Modern civic and history education began a century ago in the effort to Americanize immigrants who arrived on these shores, to ensure that they could assimilate and productively participate in American life. This initiative, which carried on for more than half a century, was sustained by the patriotic euphoria of two world wars and the circle-of-wagons mentality of the early years of the cold war.2 But one of the great ironies of America’s civic culture in this century is the fact that it has been greatly challenged by its success and freedoms. Social-cultural challenges and increasing immigrants to America from all corners of the globe have created a diverse society in many ways lacking knowledge about the core values on which our nation was founded. Renewing civic education is the challenge for civic educators today.
US civic and history education can be enhanced by:
- Asserting adequate supportive policy and curricular requirements. Today a student can graduate from High school without even having taken a course in American government.3
- Increasing adequate teacher preparedness in civics content and skills to pass to learners. Many teachers are not well-equipped with knowledge about US civics and history, thus negatively impacting learners.4
- Creating adequate outcomes by widespread knowledge of politics and government. Increasing knowledge among the public will help to eradicate apathy, alienation, and low levels of civic participation among citizens.5
Bio: This guest post is brought to you by Estapermits.org. Estapermits.org was established in 2011 and specializes in consular service to the US for short tourism and business reasons.
This article does not necessarily reflect the views of AHEF or its staff.
1Galston, W. (2002). Stephen Macedo, Diversity and Distrust: Civic Education in a Multicultural Democracy. ETHICS, 112(2), 386-391. http://dx.doi.org/10.1086/324247
2PINSON, H. (2007). Inclusive Curriculum? Challenges to the Role of Civic Education in a Jewish and Democratic State. Curriculum Inquiry, 37(4), 351-382. http://dx.doi.org/10.1111/j.1467-873x.2007.00391.x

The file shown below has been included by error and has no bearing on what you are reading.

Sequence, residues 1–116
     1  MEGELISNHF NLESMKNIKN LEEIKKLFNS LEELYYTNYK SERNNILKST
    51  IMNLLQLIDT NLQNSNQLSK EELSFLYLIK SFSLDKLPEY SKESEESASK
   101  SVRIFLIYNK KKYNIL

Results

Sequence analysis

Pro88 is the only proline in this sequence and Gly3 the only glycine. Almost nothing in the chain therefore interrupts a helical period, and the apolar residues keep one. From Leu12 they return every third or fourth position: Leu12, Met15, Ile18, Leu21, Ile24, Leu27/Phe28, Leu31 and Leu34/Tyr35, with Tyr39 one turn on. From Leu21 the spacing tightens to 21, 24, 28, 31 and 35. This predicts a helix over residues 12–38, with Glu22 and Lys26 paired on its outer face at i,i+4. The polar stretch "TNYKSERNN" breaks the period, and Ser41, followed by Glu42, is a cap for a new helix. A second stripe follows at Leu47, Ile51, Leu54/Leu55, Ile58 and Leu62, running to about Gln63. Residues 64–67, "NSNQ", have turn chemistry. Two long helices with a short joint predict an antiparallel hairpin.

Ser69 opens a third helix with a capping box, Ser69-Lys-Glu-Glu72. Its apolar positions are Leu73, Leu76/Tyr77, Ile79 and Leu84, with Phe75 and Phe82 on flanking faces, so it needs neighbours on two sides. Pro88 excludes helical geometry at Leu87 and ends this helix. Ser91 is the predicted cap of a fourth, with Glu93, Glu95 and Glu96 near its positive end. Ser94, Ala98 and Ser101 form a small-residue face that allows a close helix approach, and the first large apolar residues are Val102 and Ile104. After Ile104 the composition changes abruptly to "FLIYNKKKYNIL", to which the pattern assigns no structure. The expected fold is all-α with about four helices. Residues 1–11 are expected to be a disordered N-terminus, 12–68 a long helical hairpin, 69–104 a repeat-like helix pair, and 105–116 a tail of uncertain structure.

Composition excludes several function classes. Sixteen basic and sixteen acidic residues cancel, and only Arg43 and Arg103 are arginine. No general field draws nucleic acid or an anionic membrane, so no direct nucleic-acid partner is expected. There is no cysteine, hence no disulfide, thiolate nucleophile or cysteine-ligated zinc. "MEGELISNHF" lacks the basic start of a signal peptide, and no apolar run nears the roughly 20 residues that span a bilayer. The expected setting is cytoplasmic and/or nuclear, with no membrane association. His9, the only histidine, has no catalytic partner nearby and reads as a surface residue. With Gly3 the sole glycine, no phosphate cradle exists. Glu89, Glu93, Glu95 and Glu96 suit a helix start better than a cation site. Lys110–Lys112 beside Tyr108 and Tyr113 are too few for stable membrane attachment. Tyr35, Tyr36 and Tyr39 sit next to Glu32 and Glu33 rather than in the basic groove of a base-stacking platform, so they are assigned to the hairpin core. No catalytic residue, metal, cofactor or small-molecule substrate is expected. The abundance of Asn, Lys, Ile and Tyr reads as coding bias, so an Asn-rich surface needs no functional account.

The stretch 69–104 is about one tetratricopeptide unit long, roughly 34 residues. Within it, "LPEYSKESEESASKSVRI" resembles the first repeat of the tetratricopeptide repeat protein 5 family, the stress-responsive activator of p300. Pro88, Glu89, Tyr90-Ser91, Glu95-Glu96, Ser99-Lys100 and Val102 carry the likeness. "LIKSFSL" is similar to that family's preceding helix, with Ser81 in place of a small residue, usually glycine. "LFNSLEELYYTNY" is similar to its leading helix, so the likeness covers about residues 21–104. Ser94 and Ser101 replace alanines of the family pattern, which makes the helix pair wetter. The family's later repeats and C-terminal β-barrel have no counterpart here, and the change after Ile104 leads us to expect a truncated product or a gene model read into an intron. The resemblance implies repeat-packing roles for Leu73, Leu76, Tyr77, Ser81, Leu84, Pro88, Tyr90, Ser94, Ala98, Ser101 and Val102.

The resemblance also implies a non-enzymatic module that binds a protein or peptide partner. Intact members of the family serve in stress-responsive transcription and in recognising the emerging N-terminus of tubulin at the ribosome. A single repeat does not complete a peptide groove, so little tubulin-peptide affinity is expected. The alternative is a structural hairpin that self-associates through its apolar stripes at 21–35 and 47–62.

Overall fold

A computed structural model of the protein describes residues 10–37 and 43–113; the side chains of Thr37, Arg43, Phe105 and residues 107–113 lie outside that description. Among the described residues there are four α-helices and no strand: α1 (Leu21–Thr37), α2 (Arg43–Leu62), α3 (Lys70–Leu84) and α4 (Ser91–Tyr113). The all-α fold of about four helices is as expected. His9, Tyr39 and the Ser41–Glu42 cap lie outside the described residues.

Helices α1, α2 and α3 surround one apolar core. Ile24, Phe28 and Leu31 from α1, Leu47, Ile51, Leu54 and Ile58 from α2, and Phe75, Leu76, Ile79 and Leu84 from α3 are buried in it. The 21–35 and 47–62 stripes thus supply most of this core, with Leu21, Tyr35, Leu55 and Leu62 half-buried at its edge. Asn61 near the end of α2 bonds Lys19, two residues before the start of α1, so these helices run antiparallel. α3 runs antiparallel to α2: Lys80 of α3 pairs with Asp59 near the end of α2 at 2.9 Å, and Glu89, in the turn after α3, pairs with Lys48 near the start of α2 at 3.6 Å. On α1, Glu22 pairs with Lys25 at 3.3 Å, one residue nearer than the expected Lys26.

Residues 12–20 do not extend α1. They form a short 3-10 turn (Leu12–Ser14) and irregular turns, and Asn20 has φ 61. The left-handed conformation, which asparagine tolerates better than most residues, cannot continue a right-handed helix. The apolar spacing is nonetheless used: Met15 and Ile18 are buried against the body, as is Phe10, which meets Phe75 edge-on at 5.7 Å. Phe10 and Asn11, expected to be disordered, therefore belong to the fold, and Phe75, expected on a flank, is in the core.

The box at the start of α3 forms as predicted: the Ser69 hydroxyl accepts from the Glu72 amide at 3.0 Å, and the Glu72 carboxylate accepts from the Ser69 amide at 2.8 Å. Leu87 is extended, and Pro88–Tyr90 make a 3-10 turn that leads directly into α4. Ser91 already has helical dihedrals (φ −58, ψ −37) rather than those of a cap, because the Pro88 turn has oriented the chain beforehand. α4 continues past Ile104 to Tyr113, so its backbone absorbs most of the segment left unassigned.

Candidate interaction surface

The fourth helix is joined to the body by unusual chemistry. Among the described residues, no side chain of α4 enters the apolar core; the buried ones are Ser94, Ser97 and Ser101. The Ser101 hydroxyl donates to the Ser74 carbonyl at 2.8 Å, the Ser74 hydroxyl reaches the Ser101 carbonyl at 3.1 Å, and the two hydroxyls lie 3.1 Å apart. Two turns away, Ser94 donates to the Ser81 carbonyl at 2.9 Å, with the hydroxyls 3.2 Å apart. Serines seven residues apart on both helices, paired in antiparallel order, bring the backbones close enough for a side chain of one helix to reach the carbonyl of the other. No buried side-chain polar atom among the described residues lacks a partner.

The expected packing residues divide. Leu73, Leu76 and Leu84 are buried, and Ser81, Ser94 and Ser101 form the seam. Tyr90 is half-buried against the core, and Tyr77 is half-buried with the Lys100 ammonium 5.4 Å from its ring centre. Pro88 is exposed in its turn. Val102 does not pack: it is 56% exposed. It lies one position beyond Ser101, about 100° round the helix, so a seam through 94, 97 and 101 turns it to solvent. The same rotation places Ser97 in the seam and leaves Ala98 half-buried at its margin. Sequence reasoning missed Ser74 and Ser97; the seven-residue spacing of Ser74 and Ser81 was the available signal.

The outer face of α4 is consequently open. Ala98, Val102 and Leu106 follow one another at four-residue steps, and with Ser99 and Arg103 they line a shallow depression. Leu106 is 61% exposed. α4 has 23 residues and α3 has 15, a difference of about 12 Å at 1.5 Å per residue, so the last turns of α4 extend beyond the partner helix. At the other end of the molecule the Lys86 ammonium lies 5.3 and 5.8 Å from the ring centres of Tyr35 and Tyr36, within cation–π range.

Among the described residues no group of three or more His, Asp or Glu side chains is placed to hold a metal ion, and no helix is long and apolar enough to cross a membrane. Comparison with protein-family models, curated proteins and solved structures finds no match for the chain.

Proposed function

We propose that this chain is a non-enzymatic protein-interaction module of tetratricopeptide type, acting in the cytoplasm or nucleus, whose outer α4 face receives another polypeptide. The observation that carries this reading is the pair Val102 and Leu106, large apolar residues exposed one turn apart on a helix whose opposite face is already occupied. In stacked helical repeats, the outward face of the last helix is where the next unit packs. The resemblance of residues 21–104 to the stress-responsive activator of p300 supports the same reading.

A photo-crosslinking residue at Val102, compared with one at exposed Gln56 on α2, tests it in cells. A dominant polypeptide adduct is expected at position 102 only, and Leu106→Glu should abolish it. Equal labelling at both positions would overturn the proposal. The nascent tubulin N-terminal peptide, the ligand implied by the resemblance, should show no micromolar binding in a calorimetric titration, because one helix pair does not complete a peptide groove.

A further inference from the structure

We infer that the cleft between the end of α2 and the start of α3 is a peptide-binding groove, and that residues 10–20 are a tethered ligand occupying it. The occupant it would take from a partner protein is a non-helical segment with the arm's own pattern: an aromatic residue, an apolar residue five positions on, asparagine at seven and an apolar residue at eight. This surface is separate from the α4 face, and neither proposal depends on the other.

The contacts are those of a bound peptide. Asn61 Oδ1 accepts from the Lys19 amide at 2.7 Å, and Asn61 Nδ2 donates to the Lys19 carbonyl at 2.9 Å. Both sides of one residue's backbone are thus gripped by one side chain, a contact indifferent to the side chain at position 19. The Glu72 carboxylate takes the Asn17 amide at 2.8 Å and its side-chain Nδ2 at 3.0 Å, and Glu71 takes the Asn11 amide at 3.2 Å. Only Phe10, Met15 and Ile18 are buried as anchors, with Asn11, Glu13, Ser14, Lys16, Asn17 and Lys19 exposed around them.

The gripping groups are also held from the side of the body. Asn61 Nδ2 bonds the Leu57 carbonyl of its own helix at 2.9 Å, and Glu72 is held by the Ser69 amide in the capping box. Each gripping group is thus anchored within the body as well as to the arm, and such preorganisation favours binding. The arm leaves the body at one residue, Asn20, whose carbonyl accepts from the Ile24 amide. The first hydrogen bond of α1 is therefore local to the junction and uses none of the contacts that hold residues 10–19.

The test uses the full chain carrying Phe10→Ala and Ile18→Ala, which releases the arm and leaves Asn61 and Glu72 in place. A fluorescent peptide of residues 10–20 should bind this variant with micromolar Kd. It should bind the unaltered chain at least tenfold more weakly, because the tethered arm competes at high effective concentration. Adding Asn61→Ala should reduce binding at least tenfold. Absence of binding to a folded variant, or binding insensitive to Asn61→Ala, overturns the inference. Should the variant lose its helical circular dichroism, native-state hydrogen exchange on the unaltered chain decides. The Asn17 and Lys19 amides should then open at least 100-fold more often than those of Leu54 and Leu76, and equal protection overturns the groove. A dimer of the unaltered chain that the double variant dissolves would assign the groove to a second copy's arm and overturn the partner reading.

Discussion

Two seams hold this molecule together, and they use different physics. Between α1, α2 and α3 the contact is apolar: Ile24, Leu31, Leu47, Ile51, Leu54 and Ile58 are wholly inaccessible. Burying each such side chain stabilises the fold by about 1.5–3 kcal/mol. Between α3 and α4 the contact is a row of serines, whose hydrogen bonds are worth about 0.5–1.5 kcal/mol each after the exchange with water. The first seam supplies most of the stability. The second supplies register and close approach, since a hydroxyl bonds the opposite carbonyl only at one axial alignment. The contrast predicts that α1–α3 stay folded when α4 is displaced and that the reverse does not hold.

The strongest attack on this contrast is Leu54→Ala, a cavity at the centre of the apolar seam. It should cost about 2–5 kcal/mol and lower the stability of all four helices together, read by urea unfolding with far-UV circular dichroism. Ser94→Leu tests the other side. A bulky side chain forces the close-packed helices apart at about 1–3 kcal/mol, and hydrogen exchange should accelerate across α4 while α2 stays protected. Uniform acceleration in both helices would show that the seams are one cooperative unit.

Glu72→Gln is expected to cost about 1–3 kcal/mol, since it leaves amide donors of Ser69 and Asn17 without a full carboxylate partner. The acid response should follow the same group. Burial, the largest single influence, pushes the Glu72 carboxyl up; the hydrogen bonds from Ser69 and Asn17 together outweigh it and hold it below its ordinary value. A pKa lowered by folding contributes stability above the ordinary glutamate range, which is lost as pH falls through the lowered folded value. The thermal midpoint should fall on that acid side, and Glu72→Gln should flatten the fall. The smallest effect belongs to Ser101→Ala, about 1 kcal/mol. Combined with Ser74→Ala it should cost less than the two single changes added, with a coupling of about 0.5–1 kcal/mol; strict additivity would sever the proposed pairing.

4Cavieres-Fernandez, E. (2014). – Teachers’ experiences and teaching civic engagement beyond self-regarding individualism. Teaching And Teacher Education, 42, 1-10. http://dx.doi.org/10.1016/j.tate.2014.04.002
5American Freshman National Norms for Fall 1997
The Youth Leadership Initiative (YLI) invites teachers and students to participate in the 2015 National Mock Election and Youth Voter Survey. Students in Kentucky, Louisiana, and Mississippi will vote in their governors races. Students nationwide will participate in a survey to gauge their voting experience, preferences, and likelihood of voting in the future. Teacher preview and prep is Oct 7-17. Voting is open Oct 19-Nov 3. Results Nov 4. Go to www.youthleadership.net.
The College Board plans to revise the guidelines for Advanced Placement U. S. History courses this summer. The revision comes after a group of university professors questioned the content, saying the courses focused too much on social politics and too little on key historical events. ASCD Smartbrief (6/18). Fox News (6/16)
The National Assessment Governing Board has released its 2014 findings of the National Assessment of Educational Progress (NAEP), also known as “the Nation’s Report Card,” in U.S. History and Civics.
The report shows that less than half of 8th-graders are proficient in U. S. History and Civics. (18% are proficient in U. S. History. 23% are proficient in Civics. 27% are proficient in Geography.) The findings indicate a need for History and Civics education among students. See www.nationsreportcard.gov.
AHEF works to address this growing national problem by providing resources and workshops to teachers, parents, and citizens. AHEF promotes the teaching of America’s founding documents, principles, and history.